Welcome to practical physicsPracticle physics - practical activities designed for use in the classroom with 11 to 19 year olds
 

Electron diffraction tube

Demonstration

This demonstration shows that an electron beam is diffracted when it passes through graphite, suggesting that electrons have a wave-like character.

Apparatus and materials

Electron diffraction tube and stand

EHT supply, 0-6 kV variable

Connecting wires, including some with shrouded terminals

Bar magnet

Health & Safety and Technical notes


Ensure that the high voltage anode circuit incorporates a protective resistor.

Some EHT supplies have this built-in so that it is in series with the high voltage terminal; others may require you to explicitly wire it in to the circuit.

Using leads with shrouded plugs will ensure that you cannot accidentally come into contact with the high voltage.

Watching the voltmeter which indicates the voltage across the output of the EHT supply will also allow you to judge when the voltage has dropped to a safe level at the end of the demonstration.
Notes on the equipment:

1 The electron diffraction tube is an evacuated glass tube and is therefore fragile and should be handled with care. It is best not to move the tube while the filament is hot. Avoid switching the filament heater on and off unnecessarily.

2 Check that your EHT supply includes a protective high-resistance resistor.

3It helps to used connecting wires of different colours for the two circuits, e.g. black wires for the filament circuit, red for the high voltage anode circuit and green for the earth connections.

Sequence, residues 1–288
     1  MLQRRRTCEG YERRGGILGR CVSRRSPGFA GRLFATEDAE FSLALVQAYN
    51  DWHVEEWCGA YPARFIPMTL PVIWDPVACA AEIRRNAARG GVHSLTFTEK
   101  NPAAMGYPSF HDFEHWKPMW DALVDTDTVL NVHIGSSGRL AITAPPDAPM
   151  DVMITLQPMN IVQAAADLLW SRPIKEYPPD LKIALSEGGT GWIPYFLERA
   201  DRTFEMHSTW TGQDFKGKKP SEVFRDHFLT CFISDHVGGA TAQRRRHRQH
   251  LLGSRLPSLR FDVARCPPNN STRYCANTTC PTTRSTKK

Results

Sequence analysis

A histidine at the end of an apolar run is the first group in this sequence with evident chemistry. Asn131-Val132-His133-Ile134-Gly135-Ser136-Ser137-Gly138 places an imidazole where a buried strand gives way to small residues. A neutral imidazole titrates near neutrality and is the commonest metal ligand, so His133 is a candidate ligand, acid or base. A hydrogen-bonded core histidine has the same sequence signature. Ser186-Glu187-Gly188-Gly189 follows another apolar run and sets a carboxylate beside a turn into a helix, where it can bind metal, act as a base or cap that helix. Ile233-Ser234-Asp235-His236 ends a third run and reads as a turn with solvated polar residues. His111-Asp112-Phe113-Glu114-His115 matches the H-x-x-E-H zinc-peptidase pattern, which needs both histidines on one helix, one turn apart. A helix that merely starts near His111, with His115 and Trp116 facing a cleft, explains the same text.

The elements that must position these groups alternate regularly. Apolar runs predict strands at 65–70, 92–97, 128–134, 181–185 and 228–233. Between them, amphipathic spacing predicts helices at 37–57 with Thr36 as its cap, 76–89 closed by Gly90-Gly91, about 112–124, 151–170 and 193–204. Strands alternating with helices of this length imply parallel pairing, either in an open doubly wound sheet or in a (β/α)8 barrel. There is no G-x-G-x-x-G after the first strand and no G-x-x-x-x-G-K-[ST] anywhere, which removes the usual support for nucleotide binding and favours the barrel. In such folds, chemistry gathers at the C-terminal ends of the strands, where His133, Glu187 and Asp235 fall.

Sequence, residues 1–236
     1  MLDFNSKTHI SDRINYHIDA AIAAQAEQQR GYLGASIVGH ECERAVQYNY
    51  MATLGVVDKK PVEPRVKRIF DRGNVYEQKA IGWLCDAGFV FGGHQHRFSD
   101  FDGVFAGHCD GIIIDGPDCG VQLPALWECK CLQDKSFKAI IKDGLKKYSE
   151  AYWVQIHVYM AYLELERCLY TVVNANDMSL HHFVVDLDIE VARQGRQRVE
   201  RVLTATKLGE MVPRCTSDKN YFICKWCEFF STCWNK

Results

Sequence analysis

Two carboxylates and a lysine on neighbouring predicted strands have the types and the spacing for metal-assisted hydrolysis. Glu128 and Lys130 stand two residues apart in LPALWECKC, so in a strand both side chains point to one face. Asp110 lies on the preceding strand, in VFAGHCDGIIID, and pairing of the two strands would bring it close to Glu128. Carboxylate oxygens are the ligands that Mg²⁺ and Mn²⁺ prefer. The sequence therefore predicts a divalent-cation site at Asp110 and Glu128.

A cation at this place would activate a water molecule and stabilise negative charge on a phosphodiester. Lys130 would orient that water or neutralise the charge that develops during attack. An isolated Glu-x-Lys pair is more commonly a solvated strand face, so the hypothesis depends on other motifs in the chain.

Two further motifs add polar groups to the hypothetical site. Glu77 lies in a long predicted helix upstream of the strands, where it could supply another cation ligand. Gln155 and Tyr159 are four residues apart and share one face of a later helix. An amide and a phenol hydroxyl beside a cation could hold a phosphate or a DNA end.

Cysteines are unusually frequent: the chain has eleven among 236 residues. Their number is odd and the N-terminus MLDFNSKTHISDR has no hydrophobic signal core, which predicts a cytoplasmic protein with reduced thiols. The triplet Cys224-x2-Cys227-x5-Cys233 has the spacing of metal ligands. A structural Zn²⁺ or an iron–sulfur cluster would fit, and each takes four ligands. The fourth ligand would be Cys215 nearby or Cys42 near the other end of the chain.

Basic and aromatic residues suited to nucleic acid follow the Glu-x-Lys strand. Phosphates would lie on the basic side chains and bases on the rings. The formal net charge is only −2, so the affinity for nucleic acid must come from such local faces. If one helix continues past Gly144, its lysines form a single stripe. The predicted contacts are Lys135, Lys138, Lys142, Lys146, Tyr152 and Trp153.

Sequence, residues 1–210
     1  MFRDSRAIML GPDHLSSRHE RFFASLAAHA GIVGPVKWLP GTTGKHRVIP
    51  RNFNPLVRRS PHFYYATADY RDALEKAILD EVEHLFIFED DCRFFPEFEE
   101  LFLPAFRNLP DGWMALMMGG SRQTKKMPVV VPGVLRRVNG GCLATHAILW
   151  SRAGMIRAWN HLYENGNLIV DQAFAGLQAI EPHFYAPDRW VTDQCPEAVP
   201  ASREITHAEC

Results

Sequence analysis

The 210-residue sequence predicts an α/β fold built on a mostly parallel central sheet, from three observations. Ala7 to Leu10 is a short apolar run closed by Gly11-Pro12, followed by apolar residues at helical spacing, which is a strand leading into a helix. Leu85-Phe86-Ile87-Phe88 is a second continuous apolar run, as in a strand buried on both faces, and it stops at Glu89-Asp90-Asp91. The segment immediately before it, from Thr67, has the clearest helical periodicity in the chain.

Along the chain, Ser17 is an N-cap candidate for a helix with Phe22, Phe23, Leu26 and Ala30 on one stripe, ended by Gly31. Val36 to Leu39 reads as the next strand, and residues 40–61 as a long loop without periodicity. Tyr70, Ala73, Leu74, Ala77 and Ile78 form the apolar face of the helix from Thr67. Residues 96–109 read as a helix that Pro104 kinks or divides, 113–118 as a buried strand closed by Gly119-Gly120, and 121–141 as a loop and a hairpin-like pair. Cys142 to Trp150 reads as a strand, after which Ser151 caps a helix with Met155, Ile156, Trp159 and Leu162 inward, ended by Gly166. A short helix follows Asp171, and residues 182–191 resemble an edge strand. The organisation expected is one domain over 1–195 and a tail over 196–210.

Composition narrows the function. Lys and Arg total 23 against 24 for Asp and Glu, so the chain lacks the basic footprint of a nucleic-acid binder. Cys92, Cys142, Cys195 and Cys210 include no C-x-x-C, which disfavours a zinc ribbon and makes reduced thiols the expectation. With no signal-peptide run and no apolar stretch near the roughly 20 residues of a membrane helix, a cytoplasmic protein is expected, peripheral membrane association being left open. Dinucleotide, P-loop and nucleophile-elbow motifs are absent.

Procedure


This demonstration shows how a beam of electrons is diffracted as it passes through a graphite film. The film below shows how to set up the diffraction tube so that it can be used safely.

Electron diffraction tube

a The demonstration uses a 6 kV supply; teachers may feel that this is daunting and potentially dangerous. However, the film shows that, if you understand the circuits involved, there is no significant danger.

b The wiring may seem complex. There are in fact two simple series circuits: a low voltage circuit to the heated filament and a high voltage circuit to provide the accelerating potential between the cathode and the anode.

c The diffraction pattern is likely to be faint so you may wish to set the demonstration up in a darkened room, or in a separate darkroom.

Teaching notes


1 Why do we see a diffraction pattern of rings? This is because the graphite is polycrystalline. The graphite film has regions in which the planes of carbon atoms are in different orientations. The electron beam is quite broad and so it passes through many different regions of the graphite. (If the graphite were a single crystal, a diffraction pattern of discrete spots would be formed.)

2 Why do the rings shrink as the accelerating voltage is increased? The electron beam has a wave character – this is why the beam is diffracted. The wavelength of the beam is shorter than the distance between the atomic planes of the graphite. If the accelerating voltage is increased, the electrons have greater energy and hence shorter wavelength (E = hc/l). With a shorter wavelength, the waves are diffracted less and so the diameters of the diffraction rings decrease.

3 Knowing the accelerating voltage and the diameter of a diffraction ring, it would be possible to estimate the atomic spacing in the graphite.

4 Why is the electron beam deflected by a magnetic field? This is an example of the motor effect. The electron beam represents an electric current (in the opposite direction to the beam, since the electron charge is negative). Fleming’s left-hand rule will give the direction of the force on the electrons. You could use Helmholtz coils to produce a uniform and calculable field in the evacuated tube.

5 Once you have mastered this type of electron beam tube, you should feel confident to go on and use others such as the deflection tube and the e/m tube.

 

Related guidance


Types of electron tube

 

Related experiments


Electron diffraction